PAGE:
In a further modification, a heart rate monitor of the type shown in FIG. 2 can also “track” the user's heart rate. That is, with appropriate circuitry, of the type shown in FIG. 8 the monitor can also display both during and after the exercise period how much time the user's heart rate has accumulated within the target zone in contrast with current heart monitors which provide this data only after the period on a “MEMORY RECALL” mode. Moreover, the monitor of the present invention can optionally provide a desired or target “Time Accumulation Goal” so that the user can predetermine how much time he or she desires for obtaining a heart rate within the target zone. Upon achievement of the preset goal, an alarm will sound, thereby allowing the user to obtain maximum efficiency in the minimum amount of time, while avoiding harmful excessive heart rates and unbeneficial low heart rates.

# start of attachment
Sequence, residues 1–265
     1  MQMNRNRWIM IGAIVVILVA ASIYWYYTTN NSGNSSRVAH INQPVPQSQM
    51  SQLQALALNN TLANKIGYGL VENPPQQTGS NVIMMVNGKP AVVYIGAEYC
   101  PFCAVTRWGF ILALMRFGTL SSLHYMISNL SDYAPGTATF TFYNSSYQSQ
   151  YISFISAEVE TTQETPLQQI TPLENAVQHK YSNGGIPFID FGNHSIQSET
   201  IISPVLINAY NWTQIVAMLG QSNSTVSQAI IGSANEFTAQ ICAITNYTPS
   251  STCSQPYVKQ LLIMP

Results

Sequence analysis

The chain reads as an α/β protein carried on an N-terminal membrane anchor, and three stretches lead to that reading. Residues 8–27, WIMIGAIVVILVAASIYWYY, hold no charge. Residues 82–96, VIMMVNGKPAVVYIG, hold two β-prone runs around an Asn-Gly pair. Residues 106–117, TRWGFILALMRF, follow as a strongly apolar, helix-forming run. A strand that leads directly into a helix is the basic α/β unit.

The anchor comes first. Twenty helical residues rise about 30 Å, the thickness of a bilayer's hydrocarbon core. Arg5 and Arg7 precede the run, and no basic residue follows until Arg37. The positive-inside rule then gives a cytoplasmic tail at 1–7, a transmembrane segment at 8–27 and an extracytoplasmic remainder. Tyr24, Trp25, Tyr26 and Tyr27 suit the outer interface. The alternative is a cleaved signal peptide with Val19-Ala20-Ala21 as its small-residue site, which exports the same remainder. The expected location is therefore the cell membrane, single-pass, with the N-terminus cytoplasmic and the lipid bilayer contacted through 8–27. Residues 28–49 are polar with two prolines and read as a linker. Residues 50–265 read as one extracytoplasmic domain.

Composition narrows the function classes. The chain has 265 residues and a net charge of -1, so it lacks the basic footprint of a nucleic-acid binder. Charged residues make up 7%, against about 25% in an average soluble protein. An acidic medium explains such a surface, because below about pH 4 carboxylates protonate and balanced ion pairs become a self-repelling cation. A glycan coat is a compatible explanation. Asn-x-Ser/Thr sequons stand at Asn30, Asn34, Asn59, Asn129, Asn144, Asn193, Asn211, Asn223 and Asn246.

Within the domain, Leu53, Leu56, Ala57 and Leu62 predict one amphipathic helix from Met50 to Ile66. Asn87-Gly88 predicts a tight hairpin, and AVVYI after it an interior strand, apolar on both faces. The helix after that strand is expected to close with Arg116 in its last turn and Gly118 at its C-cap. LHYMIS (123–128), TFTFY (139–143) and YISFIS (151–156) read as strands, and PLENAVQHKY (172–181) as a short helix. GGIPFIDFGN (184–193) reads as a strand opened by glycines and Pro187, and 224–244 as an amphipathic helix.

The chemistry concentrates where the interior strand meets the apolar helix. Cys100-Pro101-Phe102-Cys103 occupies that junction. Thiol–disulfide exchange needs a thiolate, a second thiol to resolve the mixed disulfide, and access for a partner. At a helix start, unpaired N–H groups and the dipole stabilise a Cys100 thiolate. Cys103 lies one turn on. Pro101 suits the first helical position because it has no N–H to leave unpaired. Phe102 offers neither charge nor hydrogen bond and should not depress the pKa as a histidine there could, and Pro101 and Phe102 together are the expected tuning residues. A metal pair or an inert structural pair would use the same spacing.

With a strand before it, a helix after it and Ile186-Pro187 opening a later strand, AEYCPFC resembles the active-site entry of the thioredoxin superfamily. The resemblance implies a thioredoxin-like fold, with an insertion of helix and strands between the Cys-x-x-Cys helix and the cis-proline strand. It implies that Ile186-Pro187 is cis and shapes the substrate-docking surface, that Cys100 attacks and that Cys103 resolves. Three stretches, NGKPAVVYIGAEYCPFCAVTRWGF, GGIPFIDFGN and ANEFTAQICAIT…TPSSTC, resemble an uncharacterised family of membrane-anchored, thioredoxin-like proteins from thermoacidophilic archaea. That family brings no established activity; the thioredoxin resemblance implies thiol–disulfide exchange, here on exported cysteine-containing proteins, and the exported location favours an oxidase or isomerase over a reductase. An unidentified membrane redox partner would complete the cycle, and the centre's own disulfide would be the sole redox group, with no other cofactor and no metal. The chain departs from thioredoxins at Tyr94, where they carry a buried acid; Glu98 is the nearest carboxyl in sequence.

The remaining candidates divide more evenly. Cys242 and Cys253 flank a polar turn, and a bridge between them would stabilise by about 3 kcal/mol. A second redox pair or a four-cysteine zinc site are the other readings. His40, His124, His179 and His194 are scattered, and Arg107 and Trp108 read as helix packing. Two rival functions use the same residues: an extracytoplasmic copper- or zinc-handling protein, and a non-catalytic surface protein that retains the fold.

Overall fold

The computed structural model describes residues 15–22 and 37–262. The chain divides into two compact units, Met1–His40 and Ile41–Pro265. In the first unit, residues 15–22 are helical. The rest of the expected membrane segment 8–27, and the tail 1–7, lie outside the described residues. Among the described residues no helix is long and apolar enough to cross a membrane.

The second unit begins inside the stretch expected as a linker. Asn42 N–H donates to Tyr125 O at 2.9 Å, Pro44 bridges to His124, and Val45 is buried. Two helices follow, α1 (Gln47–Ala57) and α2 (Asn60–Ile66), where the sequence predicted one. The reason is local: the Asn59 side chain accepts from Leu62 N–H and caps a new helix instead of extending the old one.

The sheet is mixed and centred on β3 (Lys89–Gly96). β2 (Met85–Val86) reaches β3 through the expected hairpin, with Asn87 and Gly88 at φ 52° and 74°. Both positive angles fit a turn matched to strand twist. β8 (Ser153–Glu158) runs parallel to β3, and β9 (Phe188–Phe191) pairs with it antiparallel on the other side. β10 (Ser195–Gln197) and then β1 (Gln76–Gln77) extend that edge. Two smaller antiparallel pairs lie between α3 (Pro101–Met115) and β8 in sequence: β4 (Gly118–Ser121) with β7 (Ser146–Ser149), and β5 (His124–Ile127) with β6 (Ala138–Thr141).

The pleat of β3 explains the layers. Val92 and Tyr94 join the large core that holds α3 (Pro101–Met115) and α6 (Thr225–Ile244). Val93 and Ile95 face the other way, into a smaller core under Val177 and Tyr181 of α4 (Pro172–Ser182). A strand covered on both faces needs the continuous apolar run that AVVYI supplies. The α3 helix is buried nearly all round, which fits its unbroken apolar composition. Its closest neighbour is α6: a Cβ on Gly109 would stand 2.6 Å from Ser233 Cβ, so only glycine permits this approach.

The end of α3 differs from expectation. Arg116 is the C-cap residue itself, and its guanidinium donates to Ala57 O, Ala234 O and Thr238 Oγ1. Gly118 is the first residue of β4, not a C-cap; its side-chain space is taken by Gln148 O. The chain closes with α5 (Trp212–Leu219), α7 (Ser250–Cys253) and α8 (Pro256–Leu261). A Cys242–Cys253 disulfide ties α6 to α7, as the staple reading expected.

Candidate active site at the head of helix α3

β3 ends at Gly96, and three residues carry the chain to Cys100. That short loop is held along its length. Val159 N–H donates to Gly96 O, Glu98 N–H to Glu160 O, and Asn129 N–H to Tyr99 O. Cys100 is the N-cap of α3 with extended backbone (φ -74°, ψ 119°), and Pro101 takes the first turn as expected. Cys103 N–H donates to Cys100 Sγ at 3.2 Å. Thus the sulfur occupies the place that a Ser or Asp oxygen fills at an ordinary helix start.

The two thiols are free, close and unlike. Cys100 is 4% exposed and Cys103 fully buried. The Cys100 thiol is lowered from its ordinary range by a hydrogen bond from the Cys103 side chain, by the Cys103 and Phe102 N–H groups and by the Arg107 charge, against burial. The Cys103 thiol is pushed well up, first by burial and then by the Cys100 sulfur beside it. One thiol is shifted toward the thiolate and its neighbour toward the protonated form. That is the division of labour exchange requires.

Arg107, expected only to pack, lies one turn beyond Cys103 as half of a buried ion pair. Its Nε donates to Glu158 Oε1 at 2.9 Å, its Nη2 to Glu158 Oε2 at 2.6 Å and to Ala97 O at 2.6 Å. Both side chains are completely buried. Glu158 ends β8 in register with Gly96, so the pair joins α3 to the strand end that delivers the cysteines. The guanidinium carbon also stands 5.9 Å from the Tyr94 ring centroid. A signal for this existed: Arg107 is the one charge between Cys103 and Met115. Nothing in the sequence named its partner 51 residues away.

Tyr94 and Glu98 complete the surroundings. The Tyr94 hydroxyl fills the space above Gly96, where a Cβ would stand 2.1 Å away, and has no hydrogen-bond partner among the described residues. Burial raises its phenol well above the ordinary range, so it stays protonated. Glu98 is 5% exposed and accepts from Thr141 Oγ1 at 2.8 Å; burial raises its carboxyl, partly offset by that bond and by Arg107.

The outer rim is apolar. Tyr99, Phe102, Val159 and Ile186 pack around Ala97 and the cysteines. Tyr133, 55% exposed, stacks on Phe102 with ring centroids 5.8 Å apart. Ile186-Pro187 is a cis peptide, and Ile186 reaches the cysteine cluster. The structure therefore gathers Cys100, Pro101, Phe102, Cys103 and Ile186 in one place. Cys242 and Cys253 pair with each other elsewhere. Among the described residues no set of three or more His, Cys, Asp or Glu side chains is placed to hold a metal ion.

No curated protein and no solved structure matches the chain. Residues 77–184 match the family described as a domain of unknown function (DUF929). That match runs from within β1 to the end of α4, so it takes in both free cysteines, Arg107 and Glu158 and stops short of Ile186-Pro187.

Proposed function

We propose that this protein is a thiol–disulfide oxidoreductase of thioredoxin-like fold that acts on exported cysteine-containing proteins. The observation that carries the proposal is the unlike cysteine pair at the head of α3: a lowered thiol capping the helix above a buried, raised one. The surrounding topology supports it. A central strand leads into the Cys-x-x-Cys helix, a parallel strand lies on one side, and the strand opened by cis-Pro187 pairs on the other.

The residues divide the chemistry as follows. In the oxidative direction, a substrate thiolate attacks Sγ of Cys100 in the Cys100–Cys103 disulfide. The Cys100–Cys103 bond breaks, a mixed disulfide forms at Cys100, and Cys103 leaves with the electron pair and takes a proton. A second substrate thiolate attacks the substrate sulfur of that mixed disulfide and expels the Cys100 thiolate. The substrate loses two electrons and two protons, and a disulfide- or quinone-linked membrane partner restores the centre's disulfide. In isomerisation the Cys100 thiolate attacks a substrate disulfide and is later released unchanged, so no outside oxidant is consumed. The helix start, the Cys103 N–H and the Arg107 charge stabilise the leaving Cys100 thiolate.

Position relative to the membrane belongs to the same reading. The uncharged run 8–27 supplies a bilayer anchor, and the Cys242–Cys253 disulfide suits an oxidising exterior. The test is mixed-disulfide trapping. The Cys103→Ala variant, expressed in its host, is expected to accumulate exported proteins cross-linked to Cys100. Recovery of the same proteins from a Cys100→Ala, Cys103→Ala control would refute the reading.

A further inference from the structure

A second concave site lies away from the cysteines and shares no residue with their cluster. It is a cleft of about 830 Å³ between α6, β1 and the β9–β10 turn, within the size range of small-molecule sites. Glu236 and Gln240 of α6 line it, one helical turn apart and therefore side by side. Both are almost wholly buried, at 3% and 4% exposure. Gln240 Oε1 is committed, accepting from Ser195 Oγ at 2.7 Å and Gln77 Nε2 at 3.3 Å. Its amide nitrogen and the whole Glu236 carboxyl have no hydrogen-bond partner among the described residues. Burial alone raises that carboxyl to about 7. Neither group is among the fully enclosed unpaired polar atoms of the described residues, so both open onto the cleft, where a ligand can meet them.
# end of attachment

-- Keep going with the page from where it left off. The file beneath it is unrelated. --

The above-described method and apparatus are not strictly limited to heart monitors worn by a user. For example, the invention is also applicable for exercise machine displays, medical cardiac monitors, pedometers, pulse meters (ear clip and finger tip devices) and the like.
Although the invention has been described and illustrated in detail, it is to be clearly understood that the same is by way of illustration and example, and is not to be taken by way of limitation. The spirit and scope of the present invention are to be limited only by the terms of the appended claims.
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|Sep 19, 2000||AS||Assignment|
Owner name: ACUMEN, INC., VIRGINIA
Free format text: ASSIGNMENT OF ASSIGNORS INTEREST;ASSIGNOR:FABRIZIO, ROBERT A.;REEL/FRAME:011140/0699
Effective date: 19960201
|Aug 5, 2005||FPAY||Fee payment|
Year of fee payment: 4
|Jul 29, 2008||CC||Certificate of correction|
|Sep 14, 2009||REMI||Maintenance fee reminder mailed|
|Jan 14, 2010||SULP||Surcharge for late payment|
Year of fee payment: 7
|Jan 14, 2010||FPAY||Fee payment|
Year of fee payment: 8
|Sep 13, 2013||REMI||Maintenance fee reminder mailed|
|Feb 5, 2014||LAPS||Lapse for failure to pay maintenance fees|
|Mar 25, 2014||FP||Expired due to failure to pay maintenance fee|
Effective date: 20140205